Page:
6. The first question is whether the suit is barred under Order II, Rule 2. It is contended that as possession was not asked for in the suit on the Original Side of the High Court, the present suit for possession in the First Class Subordinate Judge's Court is barred as no leave was granted under Order II, Rule 2, sub-ride (3), of the Civil Procedure Code. The plaintiff could not have asked for possession in the suit on the Original Side of the High Court as the suit would have been 'for land' and the property was situated outside the jurisdiction of the Original Side limits of the High Court. The cause of action in the previous suit was quite different from the cause of action in the present suit. The plaintiff could not have asked for possession until the sale was set aside. The property being outside the jurisdiction of the Original Side of the High Court, it could not have granted the relief for possession. In Payana Reena Saminathan v. Pana Lana Palaniappa (1913) L.R. 41 IndAp 142 it was held that although the claims in the two suits arose out of the same transaction, they were in respect of different causes of action, and therefore, the second action was not contrary to Section 43 of the Code, corresponding to Order II, Rule 2, of the Civil Procedure Code, and could be maintained. It was held that the section is directed to securing the exhaustion of the relief in respect of a cause of action and not to the inclusion in one and the same action of different causes of action even though they arise in the same transaction. The same view was taken in Shankar v. Dattatraya : (1929)31BOMLR1123 . The cause of action for possession would not arise until the sale-deed was set aside, and the claim for possession could not have been instituted on the Original Side of the High Court, as the suit would necessarily have been a suit 'for land' within Clause 12 of the Letters Patent. I may in this connection refer to the cases of Nathu valad Pandu v. Budhu valad Bhika I.L.R. (1893) Bom. 537 and Krishnaji v. Sangappa (1924) 27 Bom. L.R. 42 where it was held that though a claim for possession might have been made, it was not obligatory upon the plaintiff to make a claim for possession, in a suit for specific performance, and a second suit for possession would not be barred by res judicata or Section 43 of the old Code or Order II, Rule 2, of the present Civil Procedure Code. I think, therefore, that the present suit is not barred by Order II, Rule 2.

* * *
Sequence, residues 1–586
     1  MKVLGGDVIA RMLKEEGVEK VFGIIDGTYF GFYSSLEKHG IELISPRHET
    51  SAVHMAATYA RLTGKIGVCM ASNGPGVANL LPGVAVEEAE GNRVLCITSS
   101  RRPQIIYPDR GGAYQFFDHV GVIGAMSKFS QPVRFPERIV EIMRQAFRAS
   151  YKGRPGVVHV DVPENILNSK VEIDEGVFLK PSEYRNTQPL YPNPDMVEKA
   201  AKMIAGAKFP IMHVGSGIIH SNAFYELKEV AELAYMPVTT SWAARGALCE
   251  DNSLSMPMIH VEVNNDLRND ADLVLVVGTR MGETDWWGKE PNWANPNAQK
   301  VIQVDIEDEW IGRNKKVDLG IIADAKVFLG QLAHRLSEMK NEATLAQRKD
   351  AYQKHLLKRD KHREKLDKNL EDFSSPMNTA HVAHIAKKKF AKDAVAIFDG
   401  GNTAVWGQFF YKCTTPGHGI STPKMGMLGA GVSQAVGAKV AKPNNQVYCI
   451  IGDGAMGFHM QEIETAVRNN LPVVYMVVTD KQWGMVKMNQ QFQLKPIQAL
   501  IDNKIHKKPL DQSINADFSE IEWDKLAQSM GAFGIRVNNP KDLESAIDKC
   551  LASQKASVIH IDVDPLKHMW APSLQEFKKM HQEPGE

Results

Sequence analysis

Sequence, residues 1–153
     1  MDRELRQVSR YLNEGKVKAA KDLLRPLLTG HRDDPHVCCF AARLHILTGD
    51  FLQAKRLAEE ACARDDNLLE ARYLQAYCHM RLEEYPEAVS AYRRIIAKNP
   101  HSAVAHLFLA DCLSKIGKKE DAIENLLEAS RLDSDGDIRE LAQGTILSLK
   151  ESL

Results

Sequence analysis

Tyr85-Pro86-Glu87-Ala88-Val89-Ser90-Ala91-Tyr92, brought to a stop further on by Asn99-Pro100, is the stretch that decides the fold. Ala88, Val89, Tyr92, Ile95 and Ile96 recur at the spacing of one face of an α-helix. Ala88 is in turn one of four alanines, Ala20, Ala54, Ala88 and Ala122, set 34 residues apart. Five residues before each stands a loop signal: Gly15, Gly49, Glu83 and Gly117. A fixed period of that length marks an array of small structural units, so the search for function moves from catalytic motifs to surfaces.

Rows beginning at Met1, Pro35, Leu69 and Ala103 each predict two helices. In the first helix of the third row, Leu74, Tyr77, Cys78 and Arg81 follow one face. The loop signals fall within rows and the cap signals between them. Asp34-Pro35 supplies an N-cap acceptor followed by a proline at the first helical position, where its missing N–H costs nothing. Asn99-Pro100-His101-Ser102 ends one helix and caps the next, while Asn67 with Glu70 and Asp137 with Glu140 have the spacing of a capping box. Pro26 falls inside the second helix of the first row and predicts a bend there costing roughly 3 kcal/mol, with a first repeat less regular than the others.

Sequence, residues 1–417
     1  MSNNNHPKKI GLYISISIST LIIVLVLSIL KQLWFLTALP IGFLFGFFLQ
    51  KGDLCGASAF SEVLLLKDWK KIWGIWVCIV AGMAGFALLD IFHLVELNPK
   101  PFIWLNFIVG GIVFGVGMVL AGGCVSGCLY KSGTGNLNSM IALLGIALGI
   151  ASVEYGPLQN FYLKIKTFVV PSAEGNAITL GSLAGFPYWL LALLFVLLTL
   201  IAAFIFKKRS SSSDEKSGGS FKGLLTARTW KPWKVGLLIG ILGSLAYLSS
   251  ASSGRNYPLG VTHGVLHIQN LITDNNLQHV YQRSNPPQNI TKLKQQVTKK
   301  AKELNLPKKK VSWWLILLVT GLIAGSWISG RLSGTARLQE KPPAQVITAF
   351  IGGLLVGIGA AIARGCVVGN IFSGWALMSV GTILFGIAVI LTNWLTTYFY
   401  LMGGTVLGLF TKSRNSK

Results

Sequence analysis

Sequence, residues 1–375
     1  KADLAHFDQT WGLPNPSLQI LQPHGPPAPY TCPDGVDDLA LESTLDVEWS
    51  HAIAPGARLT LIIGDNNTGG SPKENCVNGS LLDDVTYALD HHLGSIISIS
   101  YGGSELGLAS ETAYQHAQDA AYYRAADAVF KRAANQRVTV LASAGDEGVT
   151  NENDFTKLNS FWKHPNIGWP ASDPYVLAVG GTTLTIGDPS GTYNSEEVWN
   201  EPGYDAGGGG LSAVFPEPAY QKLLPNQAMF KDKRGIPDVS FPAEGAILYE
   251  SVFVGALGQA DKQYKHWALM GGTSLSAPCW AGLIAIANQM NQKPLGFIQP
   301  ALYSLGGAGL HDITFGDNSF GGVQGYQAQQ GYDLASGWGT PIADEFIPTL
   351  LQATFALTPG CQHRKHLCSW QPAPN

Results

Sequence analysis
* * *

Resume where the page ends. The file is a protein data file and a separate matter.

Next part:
7. The second question is whether the defendant's contentions are barred by the principle of res judicata by reason of the decision in the suit of 1924 on the Original Side of the High Court. The present suit is for possession of the land and the High Court on the Original Side could not have entertained this subsequent suit for possession, as the suit would have been 'for land' and the whole of the land was outside the jurisdiction of the Original Side limits of the High Court. It is clear from Section 11 of the Civil Procedure Code that the Court in which an issue is previously raised must be competent to try the subsequent suit or the suit in which the issue is subsequently raised : see Gokul Mandar v. Pudmanund Singh The decisions of both the lower Courts have been arrived at by an erroneous view of the application of the principle of res judicata. If the decision in the previous suit on the Original Side of the High Court does not operate as res judicata, all the questions in the present suit must be investigated afresh on the evidence led in the present suit, and the decision of the lower Courts must be set aside on this ground alone.